There are so many great insights in here I agree with (and have espoused for many years). From a post I did a few weeks ago, titled "Watching the Empire collapse on a sunny summer afternoon":

"You can blame the politicians of your choice with leading us to this point, but the participation of the public in what I call “Amway America” (land of those manipulated by the key marketing motivators of greed, insecurity and envy) and it’s long, post WWII orgy of fantasy and indulgence, is really to blame. Morrie Schwartz (Tuesdays With Morrie) said: “We live in a culture that does not make people feel good about themselves.” “If what they’re selling is not what you need, you have to have the courage not to buy it.”

Unfortunately, America not only bought it, they bought it all on credit (both public and private) and shot it up wholesale. After several generations of that, they can’t even dream of a different paradigm and while they dither away their lives with diversions and get off on blaming the WWF (two-party system) teams that keep them entertained, the wealth continues to flow one way and the infrastructure rots while the new “I-products” multiply."

There are so many things which represent the true values of human existence, that have been subsumed in the perversion of our self-worth by an addictive materialism and the deft manipulation of our vulnerabilities. A huge corporations marketing guru once said to me, “No matter how warm and fuzzy any successful marketing campaign you've ever seen seems to be, examine them and you'll find they all operate by appealing to greed, insecurity and envy”.

Until some paradigm evolves to instill a sense of self-worth in people which gets beyond that, we are fucked. The latest Ken or Barbie doll of a politician is really just the same thing (as Al says) – A “product” that's going to miraculously heal us and make us whole. Perhaps the best way to do that is to stop giving others the power to decide when we are whole and when we are the damaged goods that their shiny trinkets will redeem.

Samasiam August 19, 2011 02:41 AM

Sarah, the military has been an easy target for some members of society but due to the authoritarain upbringing of others it is often above reproach and continues to get away with epidemic amounts of fraud while appealing to emotion especially fear anger and paranoia.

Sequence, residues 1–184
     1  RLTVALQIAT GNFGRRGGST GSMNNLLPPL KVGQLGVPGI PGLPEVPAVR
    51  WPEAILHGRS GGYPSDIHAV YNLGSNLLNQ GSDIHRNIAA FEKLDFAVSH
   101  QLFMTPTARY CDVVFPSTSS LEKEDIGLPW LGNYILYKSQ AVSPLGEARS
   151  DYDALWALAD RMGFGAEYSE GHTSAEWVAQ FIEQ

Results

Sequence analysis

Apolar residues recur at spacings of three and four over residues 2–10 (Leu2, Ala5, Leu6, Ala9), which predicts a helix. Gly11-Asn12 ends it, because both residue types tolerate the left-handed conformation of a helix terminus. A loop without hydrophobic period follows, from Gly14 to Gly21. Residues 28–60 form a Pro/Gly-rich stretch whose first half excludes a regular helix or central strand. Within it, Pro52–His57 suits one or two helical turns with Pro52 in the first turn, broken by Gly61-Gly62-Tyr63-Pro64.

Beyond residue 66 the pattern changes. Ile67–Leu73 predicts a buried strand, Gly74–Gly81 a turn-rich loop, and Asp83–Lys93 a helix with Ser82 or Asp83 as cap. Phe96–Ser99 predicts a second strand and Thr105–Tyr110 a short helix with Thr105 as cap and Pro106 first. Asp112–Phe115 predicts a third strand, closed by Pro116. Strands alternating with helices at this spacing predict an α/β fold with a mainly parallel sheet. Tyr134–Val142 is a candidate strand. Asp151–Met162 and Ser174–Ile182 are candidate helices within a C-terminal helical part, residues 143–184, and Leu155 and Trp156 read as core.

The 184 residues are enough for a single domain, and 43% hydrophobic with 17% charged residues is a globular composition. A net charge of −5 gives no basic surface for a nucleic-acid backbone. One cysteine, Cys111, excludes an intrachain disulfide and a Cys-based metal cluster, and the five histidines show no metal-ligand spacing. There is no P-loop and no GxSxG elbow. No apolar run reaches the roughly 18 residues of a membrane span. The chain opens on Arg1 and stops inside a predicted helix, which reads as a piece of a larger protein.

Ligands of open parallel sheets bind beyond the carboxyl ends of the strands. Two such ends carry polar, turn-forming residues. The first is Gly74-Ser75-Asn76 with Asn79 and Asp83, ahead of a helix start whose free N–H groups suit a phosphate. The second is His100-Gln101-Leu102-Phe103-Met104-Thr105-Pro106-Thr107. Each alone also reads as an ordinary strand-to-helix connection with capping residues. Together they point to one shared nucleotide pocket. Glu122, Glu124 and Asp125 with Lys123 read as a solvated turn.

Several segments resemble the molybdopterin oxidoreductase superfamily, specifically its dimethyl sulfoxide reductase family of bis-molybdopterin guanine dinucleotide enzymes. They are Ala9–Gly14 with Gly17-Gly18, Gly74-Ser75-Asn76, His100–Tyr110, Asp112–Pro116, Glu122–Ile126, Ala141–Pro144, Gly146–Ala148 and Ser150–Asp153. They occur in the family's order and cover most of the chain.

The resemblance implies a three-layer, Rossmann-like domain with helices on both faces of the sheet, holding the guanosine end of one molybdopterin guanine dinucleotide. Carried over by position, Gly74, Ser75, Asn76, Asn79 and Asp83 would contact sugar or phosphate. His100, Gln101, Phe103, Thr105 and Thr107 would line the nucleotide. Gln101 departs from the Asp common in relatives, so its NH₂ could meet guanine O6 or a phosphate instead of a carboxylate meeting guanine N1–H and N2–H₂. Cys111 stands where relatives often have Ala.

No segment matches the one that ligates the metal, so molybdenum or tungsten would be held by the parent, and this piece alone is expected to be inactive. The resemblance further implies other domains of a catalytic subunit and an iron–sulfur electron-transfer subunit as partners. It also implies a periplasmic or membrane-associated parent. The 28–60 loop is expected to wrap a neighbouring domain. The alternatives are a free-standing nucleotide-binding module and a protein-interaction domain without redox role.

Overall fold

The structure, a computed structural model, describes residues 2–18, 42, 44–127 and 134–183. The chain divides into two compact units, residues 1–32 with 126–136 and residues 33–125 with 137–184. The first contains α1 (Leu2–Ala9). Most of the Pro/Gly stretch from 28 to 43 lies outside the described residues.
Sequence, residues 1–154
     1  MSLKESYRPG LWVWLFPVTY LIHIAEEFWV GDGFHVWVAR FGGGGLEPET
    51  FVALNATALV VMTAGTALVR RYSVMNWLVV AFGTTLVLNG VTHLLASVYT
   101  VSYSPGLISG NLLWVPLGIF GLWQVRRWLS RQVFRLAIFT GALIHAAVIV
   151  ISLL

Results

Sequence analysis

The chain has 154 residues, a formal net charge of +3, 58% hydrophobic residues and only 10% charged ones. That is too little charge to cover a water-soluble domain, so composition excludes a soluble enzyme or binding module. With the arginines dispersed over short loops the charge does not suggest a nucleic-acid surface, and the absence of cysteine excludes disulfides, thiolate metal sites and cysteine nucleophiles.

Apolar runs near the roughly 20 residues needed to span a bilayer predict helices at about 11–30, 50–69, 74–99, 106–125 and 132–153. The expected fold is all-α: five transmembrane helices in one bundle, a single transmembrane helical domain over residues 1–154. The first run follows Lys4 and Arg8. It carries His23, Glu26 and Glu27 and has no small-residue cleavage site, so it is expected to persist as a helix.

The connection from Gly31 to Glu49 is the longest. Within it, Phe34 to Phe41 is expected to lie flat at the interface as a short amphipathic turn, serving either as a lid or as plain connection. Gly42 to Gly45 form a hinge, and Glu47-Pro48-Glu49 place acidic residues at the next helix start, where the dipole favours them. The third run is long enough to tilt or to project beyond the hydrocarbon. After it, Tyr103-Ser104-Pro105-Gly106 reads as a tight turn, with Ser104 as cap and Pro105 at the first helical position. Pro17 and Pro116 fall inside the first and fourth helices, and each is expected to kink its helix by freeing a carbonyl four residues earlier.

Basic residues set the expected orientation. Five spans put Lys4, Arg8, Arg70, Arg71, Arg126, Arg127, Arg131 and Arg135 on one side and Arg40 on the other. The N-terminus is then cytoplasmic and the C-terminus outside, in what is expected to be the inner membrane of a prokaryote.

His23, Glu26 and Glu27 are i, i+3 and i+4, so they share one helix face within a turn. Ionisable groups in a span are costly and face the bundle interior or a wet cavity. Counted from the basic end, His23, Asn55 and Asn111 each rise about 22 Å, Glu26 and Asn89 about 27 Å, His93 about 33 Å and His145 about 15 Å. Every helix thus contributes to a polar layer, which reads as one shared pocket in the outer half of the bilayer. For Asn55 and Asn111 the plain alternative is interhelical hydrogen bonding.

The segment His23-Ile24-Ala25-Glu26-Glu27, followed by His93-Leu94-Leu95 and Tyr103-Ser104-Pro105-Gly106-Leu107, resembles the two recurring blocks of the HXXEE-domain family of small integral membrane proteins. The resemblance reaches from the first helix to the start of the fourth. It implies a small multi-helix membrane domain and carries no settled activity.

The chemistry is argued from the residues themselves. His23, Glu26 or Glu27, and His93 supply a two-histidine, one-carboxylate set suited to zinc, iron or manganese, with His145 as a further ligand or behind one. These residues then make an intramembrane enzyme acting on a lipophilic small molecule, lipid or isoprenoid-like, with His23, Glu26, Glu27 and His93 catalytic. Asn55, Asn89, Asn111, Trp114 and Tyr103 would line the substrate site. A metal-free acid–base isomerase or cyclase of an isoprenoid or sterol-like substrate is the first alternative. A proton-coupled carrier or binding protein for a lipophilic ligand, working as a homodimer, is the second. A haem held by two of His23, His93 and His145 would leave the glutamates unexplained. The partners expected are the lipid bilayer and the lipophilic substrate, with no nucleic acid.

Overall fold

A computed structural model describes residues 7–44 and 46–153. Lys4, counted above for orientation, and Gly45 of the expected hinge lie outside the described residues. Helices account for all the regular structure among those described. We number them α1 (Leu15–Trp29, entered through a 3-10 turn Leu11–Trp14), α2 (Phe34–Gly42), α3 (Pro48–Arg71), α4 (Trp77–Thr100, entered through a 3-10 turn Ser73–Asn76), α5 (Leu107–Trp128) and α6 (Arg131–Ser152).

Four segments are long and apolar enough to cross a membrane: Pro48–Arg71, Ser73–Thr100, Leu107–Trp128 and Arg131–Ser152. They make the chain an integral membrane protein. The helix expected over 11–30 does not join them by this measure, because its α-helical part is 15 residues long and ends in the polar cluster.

Al, sometimes I feel like a mollusc; I rant and rave on line and do a few other minor things but much more needs to be done and it needs to be done by a much larger number of people. Then us milluscs can take over.

Sam, I agree with you and will have to take a closer look at your blog including the one about "Watching the Empire collapse on a sunny summer afternoon" when I get the chance.

zacherydtaylor August 19, 2011 10:10 AM

"One example of this could be to measure the amount of trees that are being cut down and require that they be replaced one way or another. Those that cut them down should be required to pay for this as they go since the cost will catch up eventually with us. If they avoid clear cutting then nature could do part of the job so the need to grow more could be reduced."

Just to let you know, this already happens, at least in Oregon. After logging reforestation crews replant the logged areas. (By the way, reforestation is one of the most physically demanding, backbreaking jobs on the face of the earth. I've done it.)

Douglas fir trees take about 80 years to grow to the point where they can be logged again. I've also planted trees in the swamps of South Carolina. Those trees are used for poles and paper pulp, and take around 15 to 20 years before harvest.

I can't say that every tree logged in the U.S. is replaced, but certainly reforestation is the norm and not the exception. There are also ways of logging that don't involve clear-cutting.

mishima666 August 19, 2011 03:50 PM

Mishima, I'm sure you're right about the way they handle this in certain parts of the USA especially those with the most political power but most parts of the world are almost certainly not receiving the same courtesy from the logging industry. In the long run this is going to have to happen on a global scale; the longer it takes to do this the more looting there will be that will eventually have to be paid for by society one way or another either by breaking backs or by allowing the environment to collapse and no longer having the resources to support the existing population let alone the expanding one. Perhaps with more rational policies and less clear cutting we can reduce the amount of backbreaking necessary.

zacherydtaylor August 20, 2011 10:33 AM


If we can't get you into that meeting zachd, we should at least wallpaper the walls with this article! It deserves to be spread around. It needs to be read and heeded!

You will give me that "jobless recovery" is an obscene oxymoron, right?

The "economics of happiness". Why aren't we hearing more of this?

I want to read this again and again and share it.

It has been buzzed!

[r] libby

libbyliberalnyc August 21, 2011 10:37 AM

Thanks for the Buzz Libby, I’m not familiar with that site but will take a closer look when I get the chance. I’m not opposed to a recovery of jobs if they involve productive jobs that help people; just make work jobs that serve only the purpose of increasing profit without helping the consumer. The business community complain about make work jobs that help the public without enabling them to take their cut instead; they don’t care about improving the quality of life for the public unless it helps them make a profit.

zacherydtaylor August 22, 2011 09:37 AM